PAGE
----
Bourbon County native, Edward F. Prichard, Jr. (1915-1984), was considered a friend and advisor of many politicians throughout his life and dubbed “the philosopher” by Governor Bert Combs.
Prichard studied at Princeton and Harvard Law School before working in the U.S. Supreme Court, Justice Department and the East Wing of the Roosevelt White House during WWII. His political career was cut short when he was convicted of ballot-box stuffing in his native Kentucky at the age of 34.
Prichard continued to contribute to Kentucky politics and his ideas helped shape Kentucky legislation, most notably in the Combs and Breathitt gubernatorial administrations. Always the champion of education reform, Prichard chaired the state citizens’ committee on education, whose effort ultimately resulted in the KY Education Reform Act in 1990. In 2013, the Prichard Committee for Education celebrates its 30th anniversary.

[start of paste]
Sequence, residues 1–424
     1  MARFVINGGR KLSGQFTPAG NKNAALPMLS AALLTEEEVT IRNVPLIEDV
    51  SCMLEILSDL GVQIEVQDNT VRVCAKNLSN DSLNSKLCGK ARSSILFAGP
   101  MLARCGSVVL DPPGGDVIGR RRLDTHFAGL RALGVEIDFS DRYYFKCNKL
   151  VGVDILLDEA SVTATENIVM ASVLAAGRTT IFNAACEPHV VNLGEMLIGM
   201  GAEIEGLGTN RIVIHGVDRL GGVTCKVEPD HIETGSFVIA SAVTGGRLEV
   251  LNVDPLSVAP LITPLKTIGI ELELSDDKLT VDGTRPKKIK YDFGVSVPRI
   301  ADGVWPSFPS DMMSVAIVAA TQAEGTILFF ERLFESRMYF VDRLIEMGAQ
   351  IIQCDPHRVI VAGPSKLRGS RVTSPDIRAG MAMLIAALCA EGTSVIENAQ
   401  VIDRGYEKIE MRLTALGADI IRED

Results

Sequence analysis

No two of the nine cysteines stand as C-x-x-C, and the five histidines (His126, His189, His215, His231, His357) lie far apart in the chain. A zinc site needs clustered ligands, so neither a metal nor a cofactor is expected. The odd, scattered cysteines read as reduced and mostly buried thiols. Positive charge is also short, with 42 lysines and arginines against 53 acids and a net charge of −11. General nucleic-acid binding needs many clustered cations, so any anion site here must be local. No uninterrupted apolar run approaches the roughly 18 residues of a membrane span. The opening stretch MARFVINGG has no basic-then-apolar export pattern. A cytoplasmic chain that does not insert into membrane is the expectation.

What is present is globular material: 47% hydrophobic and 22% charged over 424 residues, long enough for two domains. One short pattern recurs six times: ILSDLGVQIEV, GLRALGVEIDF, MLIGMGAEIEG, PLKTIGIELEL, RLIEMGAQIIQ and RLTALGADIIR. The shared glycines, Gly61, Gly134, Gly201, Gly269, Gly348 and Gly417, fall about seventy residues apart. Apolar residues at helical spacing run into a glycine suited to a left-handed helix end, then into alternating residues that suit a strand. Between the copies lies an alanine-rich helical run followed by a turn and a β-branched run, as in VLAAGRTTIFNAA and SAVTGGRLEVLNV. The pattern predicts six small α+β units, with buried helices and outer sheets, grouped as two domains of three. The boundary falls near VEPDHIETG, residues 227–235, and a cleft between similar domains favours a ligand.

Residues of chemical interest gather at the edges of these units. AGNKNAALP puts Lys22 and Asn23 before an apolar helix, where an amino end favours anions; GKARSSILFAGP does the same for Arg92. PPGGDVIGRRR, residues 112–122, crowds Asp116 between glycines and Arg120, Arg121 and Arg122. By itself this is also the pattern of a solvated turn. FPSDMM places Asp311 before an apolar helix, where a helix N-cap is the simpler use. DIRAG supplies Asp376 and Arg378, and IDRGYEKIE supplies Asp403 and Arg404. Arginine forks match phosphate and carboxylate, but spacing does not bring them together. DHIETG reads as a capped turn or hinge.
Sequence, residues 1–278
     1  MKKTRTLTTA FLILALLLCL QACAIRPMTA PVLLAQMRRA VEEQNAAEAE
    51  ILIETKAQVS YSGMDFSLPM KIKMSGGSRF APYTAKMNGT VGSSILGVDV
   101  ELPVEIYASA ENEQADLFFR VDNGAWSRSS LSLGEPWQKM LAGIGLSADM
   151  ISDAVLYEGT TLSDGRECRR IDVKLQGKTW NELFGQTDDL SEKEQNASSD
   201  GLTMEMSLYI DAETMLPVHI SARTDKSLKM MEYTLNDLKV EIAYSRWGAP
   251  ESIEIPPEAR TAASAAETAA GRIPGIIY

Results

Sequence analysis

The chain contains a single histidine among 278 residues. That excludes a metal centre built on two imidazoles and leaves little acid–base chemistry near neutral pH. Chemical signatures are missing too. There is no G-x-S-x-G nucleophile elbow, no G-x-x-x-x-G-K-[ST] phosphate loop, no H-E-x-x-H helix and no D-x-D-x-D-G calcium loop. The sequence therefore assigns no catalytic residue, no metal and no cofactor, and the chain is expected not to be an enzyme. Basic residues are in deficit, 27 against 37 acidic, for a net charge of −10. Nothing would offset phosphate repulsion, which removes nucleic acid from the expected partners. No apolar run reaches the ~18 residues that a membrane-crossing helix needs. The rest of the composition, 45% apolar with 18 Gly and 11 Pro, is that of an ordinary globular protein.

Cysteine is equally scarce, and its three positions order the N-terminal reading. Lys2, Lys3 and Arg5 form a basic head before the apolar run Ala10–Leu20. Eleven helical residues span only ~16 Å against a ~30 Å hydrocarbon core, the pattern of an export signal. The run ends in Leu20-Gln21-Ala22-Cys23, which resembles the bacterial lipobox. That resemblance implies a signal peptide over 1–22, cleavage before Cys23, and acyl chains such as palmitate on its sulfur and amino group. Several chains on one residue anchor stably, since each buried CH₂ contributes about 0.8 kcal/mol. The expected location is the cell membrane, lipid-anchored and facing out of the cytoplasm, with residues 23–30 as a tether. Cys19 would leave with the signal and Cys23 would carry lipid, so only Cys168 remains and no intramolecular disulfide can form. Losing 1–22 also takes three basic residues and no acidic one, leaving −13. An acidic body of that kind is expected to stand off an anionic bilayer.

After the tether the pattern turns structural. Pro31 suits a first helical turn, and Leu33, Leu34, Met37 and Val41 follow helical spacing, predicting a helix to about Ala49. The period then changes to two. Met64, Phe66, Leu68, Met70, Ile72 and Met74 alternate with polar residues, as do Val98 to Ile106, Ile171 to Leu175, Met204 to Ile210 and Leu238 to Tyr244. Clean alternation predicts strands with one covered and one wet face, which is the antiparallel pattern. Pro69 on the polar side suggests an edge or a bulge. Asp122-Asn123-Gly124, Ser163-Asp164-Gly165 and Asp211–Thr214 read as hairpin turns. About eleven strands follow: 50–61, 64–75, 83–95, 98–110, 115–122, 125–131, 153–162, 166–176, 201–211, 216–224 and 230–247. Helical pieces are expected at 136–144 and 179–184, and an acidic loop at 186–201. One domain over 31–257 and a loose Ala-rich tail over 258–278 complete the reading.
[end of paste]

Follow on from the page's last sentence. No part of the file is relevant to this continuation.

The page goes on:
Find oral history interviews with and about Edward “Prich” Prichard, Jr. and other well-known Kentuckians on Pass the Word, Kentucky’s oral history discovery tool.
Pass the Word Challenge #6
Edward Prichard is a Kentucky name that many people recognize. Oral histories are also conducted with people who are not as well-known. This week’s challenge is to find an interview with someone you know on Pass the Word. It can be a relative, local community member, friend, colleague, etc… Include how you know this person as part of your answer.
Looking forward to hearing about your personal connections to Kentucky’s oral histories!